[128] Spent Grain Sandwich Bread

Adapted from the Amish White Bread recipe on AllRecipes.

This is actually a challenge recipe. I know our initial rules specify that recipes from the internet don’t count. However, this is both a recipe from the internet and one a friend had carefully selected to give to me for Christmas one year (back in 2008), in a recipe book. I love the book and I love MBBB and thus I’m delighted to share with you.

Of course, as it was a selection from MBBB, when I finally went to make this recipe (more than four years after this blog started), that I included spent grain flour was only fitting.

And man. As soon as I made it, I regretted not making it sooner. I’ve had it before (without spent grain flour). Made it years ago, before this blog was even an inkling. I’ve always loved it. It’s an amazing sandwich bread, it’s easy to make (especially with a stand mixer), and it’s just plain good.

But, and this shocks me, adding spent grain flour is taking it to a whole other level. I’m shocked, in part, because it hasn’t been a huge addition. That said, I’m more shocked because I generally have never liked “wheat” bread. “Whole grain” bread makes me sad1. There’s no world in which I should like this MORE than the white bread it originated as.

But I do. Which, frankly, is astounding. And it should be convincing you to try it. I’ve made countless loaves of this stuff. Bill even commented that I seem obsessed with this recipe back when I was making my third loaf.

Maybe a little. But that’s because it’s so very tasty. And so very easy. And, well, because I’ve been reading about spent grain a lot. I have been experimenting! Make this recipe, and experiment yourself!


1 c warm water
1/3 c granulated sugar

3/4 tsp active dry yeast

3/4 tsp salt

2 oz (1/8 c) vegetable oil

2 2/3 c bread flour2

1/3 c spent grain flour


I recommend you do this in a stand mixer. I have been.

Mix the sugar and water together in a (large or stand mixer) bowl until the sugar is dissolved. Mostly dissolved is fine too. Stir in the yeast, and set it aside to proof. It’ll get foamy, which is super neat to look at.

After the yeast has proofed, stir in the salt and the oil. Then mix in your spent grain flour and 2/3 c bread flour. Once that’s mixed in, stir in the other two cups of flour, one cup at a time. Once it’s fully incorporated, knead the bread. The directions from MBBB say, “until smooth.” Honestly, I usually just do about 5 minutes in the stand mixer.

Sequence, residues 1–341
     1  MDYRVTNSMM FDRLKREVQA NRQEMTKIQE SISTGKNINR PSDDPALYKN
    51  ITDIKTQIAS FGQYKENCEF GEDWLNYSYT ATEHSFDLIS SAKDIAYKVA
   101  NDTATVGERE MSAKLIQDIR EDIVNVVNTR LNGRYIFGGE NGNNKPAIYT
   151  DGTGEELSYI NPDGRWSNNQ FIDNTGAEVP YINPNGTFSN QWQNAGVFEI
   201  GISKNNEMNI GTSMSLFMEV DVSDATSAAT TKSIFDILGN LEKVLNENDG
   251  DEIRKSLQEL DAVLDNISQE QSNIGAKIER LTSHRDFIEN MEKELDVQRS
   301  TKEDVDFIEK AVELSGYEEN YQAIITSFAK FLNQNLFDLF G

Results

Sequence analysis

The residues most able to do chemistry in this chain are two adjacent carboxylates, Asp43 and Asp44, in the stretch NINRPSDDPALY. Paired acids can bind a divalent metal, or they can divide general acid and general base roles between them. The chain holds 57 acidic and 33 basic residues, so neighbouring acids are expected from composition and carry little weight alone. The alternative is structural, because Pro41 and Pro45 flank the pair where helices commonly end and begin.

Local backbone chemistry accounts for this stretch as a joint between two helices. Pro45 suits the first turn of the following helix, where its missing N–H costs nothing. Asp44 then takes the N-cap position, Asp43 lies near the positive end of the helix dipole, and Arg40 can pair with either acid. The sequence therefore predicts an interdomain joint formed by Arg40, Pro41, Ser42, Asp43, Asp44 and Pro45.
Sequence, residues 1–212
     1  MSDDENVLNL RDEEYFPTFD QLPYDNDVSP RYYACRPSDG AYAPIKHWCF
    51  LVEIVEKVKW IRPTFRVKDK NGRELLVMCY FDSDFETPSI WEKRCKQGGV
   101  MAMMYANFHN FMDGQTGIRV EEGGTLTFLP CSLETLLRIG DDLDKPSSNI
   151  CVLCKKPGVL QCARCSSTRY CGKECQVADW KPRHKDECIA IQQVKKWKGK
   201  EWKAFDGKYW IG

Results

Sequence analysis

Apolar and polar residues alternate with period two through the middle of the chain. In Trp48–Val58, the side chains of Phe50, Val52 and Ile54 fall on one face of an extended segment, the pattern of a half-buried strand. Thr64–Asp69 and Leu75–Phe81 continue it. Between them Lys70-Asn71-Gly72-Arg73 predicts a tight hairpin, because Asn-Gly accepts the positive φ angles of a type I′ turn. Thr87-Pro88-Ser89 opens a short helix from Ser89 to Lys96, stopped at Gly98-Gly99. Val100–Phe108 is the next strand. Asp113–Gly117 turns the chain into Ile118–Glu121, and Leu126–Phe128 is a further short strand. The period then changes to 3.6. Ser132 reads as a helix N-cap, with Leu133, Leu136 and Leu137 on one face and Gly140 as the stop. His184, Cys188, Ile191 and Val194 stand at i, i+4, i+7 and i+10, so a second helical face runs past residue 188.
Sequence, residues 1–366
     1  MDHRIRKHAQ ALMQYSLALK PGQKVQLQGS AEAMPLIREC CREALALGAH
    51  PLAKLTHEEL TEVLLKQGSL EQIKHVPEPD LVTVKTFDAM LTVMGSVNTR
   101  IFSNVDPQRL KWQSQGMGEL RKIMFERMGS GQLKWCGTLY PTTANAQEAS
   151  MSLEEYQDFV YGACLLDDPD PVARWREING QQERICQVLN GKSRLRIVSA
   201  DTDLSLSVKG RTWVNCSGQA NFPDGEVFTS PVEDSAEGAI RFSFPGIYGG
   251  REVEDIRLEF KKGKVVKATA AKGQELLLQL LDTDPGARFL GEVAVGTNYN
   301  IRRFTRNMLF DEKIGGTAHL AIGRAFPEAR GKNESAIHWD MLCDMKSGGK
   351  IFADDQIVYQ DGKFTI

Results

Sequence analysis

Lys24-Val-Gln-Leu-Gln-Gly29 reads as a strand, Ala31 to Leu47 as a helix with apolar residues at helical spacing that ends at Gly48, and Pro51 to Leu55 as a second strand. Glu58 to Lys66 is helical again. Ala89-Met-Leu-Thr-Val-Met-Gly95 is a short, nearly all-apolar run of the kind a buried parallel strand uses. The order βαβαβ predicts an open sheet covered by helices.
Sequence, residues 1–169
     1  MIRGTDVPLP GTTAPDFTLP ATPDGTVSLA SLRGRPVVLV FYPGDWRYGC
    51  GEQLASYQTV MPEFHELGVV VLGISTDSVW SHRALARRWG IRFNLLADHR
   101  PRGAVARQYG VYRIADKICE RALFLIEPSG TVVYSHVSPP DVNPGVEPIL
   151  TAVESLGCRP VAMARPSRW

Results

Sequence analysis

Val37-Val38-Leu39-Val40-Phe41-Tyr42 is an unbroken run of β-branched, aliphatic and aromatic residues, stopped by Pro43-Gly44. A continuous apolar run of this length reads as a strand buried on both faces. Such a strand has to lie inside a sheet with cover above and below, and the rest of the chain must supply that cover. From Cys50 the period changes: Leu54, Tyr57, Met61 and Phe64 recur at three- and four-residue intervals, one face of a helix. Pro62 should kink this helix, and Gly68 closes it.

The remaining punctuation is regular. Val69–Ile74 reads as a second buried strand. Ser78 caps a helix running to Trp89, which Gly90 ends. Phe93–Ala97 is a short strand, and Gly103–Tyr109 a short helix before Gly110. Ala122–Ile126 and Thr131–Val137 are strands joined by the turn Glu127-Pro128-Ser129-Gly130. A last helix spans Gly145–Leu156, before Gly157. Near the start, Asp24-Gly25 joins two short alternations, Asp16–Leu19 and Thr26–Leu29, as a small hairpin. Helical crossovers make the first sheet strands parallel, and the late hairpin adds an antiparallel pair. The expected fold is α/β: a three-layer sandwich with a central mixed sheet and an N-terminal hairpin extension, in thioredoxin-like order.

Then oil a fairly large bowl and place the dough inside. Turn the dough around to coat it, so it doesn’t stick on the damp towel you should then cover it with. Put the dough in a warm area and allow to rise until it’s about doubled in size. For me, this is two hours. For MBBB, it appears to be about one.

Punch the dough down, then knead for about five minutes (I usually do this by hand, in the bowl or on the counter or in the air), shape into a loaf and place in a well-oiled loaf pan. Allow it to rise again for about 30 minutes. Preheat your oven to 350F, then bake at 350F for 30-40 minutes.

Cooking and Consumption notes


This recipe is dead easy. It takes a lot of time, and elbow grease (especially if you do it all by hand), but it’s really just mix things together, wait, repeat. Even kneading is fairly akin to mixing things together. It’s just mixing a blob of dough with itself.

The color of your spent grain will determine the color of your loaf. This is a good thing to bear in mind if you judge bread’s done-ness by color. Darker beer does, in fact, mean darker bread.


Though it doesn’t seem like a ton of sugar added, this bread is decidedly, albeit lightly, sweet. It’s delicious, but if you don’t like slightly sweet bread, consider dropping the sugar content until you’re happy with it.

This texture is perfect for toast and sandwiches and everything. It’s definitely not a “crusty” bread, but I like it for that reason. Bill makes amazing crusty breads. I needed a good sandwich and toast bread that wouldn’t lacerate gums.

Every time I make a loaf of this, we destroy it within a couple of days. It works with pasta, it works as sandwiches, it works for everything. Go make it.

1 Stop judging me.

2 We actually use King Arthur Flour’s all-purpose flour. However, we’ve learned (from other books) that their AP flour tends to be about equal to bread flour from other brands.

2 thoughts on “[128] Spent Grain Sandwich Bread

  1. Oh my yum! I may attempt to convert this to a bread machine recipe, just to try. I make no promises at how promptly I will attempt this, but we just acquired one from my mom and have basically vowed to never by bread for home again. Yours looks absolutely delicious!!!

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